Home Again: Gratitude


On Wednesday morning, I woke at Jackson Lake Lodge in Northwest Wyoming to gray and gloomy light. The temperature outside was 39 degreesF and the patter of rain on the roof included an odd shushing sound. I looked outside and saw that the rain was mixed with wet flakes–snow. 


I had planned to make the 600-mile trip home gradually, over two days. Until I saw that snow in the air and had a sudden longing to be home in Indian Summer.


So after a visit with Diane Spencer, a friend from my Forest Service days who just happened to be staying in the very same lodge on the same night I was with her partner, Bob Hacker (we found each other thanks to Facebook postings), Red and I hit the road for home. 


By the time we crested Togwotee Pass (photo above) it was snowing hard. We wound our way downhill and out of the storm, and headed across southern Wyoming into howling winds.


And I do mean howling. Just outside Rawlins a flashing road-condition warning sign warned of “rollover hazard” and gusts of 65 mph. Fortunately, Red handled the wind well.  



Double-rainbow over the Yampa River Valley south of Steamboat Springs, Colorado


By the time we reached Steamboat Springs that evening and saw the gorgeous double rainbow in the photo above, I was tired and the sun was slanting low. But we were only four hours from home (out of a ten-hour-total drive) and I was determined to sleep in my own bed that night. 


I backed Red into the garage at eight-thirty in starlit darkness, unloaded travel stuff, put things away, and settled in. I slept nine hours that night–I guess I was pretty worn out! 


On Friday, I celebrated my 59th birthday with simple gratitude to be home in my own cozy place, with wildflowers blooming all around.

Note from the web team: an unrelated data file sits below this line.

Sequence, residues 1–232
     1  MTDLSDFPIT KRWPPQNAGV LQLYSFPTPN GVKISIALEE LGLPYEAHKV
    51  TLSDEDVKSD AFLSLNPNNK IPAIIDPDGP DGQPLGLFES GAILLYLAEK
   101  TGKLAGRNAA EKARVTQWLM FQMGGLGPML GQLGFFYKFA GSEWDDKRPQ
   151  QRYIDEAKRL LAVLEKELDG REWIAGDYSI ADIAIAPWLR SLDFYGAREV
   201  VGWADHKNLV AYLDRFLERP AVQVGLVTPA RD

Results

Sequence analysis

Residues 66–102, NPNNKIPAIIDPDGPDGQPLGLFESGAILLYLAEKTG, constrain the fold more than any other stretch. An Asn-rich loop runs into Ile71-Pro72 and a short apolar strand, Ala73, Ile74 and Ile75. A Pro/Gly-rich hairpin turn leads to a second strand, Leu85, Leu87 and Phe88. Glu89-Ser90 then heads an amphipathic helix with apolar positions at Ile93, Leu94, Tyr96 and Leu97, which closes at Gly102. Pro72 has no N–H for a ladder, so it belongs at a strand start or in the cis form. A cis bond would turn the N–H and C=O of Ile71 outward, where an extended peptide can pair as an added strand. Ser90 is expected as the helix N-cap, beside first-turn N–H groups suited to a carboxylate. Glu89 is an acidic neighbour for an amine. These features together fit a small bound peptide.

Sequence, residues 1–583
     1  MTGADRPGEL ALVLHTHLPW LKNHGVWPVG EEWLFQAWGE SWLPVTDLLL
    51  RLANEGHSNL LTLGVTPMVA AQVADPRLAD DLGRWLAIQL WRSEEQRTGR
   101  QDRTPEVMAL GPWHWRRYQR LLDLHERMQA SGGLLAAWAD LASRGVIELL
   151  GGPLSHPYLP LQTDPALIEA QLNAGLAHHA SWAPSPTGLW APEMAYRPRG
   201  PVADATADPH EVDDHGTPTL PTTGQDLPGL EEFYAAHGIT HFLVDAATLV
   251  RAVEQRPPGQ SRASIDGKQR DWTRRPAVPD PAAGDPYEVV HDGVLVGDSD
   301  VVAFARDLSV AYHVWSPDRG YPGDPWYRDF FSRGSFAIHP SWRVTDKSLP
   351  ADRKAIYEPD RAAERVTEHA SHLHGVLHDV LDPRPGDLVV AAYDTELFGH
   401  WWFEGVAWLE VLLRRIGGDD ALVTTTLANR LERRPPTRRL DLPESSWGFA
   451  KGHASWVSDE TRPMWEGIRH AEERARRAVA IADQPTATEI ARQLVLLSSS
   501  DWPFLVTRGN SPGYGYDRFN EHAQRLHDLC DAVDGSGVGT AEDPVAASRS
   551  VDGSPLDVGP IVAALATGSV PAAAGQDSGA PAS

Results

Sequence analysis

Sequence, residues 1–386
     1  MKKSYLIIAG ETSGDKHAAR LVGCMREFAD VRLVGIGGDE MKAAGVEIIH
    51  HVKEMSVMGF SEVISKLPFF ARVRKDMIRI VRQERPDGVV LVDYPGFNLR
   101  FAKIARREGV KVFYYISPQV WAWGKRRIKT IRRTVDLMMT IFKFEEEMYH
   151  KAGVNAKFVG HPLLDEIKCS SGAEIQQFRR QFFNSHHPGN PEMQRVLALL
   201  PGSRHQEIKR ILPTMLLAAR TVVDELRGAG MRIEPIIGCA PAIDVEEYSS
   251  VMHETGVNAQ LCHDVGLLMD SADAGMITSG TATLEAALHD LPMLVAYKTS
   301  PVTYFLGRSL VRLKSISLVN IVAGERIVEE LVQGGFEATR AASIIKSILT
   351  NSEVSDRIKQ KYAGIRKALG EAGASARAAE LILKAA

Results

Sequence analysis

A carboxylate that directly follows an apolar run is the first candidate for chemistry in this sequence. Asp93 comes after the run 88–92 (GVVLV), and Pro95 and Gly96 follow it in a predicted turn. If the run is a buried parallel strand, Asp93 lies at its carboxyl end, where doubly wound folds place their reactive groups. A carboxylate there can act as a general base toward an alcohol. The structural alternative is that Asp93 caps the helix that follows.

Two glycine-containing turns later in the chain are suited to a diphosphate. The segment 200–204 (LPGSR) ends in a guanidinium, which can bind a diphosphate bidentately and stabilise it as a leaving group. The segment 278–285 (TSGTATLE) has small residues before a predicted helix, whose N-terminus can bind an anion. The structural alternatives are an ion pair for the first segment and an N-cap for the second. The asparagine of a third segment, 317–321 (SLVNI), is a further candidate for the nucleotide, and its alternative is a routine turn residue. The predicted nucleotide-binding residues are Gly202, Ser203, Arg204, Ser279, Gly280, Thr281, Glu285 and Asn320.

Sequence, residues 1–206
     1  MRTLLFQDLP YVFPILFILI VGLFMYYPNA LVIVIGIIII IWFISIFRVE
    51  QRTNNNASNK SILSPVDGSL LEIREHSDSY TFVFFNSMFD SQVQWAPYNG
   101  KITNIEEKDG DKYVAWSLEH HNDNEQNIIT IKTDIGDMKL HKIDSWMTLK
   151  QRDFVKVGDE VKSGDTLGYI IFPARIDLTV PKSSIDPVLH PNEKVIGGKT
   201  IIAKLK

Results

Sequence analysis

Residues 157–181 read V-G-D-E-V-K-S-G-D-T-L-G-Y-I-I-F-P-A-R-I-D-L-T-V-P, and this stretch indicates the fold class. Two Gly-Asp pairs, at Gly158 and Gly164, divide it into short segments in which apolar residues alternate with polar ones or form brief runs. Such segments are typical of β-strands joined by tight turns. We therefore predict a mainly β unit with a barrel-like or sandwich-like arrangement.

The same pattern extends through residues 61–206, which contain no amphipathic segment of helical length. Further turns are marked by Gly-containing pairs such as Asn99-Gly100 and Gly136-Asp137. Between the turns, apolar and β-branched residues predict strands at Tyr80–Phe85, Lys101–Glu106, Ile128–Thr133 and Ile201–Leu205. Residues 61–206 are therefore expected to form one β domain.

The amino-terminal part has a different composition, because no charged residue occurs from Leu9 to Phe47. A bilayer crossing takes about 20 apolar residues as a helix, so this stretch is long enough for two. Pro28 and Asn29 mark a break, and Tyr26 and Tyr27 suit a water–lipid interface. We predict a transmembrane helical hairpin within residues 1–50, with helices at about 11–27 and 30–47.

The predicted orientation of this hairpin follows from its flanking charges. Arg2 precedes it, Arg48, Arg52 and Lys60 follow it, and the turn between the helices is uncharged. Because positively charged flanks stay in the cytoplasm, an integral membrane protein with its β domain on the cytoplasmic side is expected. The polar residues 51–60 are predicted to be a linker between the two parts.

Part of my front-yard native mountain prairie in its almost-fall bloom…


That feel of gratitude has stayed with me as I’ve caught up on emails, begun summer’s-end cleanup in my yard, and spent time hand-cutting invasive thistles and other weeds as part of the Salida Trail Ecological Restoration Project.


I am grateful to be home, and grateful to have a home to return to. I feel for those who have lost their homes, especially in the devastating fires in northern California


I am grateful that my country is not torn apart by war. I feel keenly for the refugees streaming into the Balkans and Europe from the Middle East and parts of Africa where life is perilous, as well as for the refugees from Myanmar, for all people exiled from their homes and searching for a place where they can live and work in peace. 


I am grateful to be able to hit the road, whether for work or pleasure. I feel fortunate to have Red, my compact truck and also my shelter for nights when I camp out. 


I am grateful to be able to write. My wish for my birthday is that Bless the Birds, my new memoir about living well even as our lives end, will find an enthusiastic publisher in the months ahead. And that the new book in my mind, which I call Meadow, will begin to take shape this winter. 



Tansyleaf aster and blanketflower, two native wildflowers beloved of pollinators=, growing at the edge of my rock garden.


I am grateful to have a passion and talent for restoring nature around me. The work that Richard and I put into reviving what we only half-jokingly called our “decaying industrial empire” and our block of creek inspired the Salida Trail Restoration Project, which benefits our community, as well as Earth itself. 


Mostly I am grateful to simply to be here, walking about, as Richard used to say, “on the skin of this Earth” with love and awareness for the gift of life. 


Thanks for walking with me. 

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